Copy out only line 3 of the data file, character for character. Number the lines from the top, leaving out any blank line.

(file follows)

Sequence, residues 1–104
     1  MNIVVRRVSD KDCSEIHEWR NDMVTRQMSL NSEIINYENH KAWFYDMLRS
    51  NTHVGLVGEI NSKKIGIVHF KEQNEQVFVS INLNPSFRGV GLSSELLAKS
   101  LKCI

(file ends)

    51  NTHVGLVGEI NSKKIGIVHF KEQNEQVFVS INLNPSFRGV GLSSELLAKS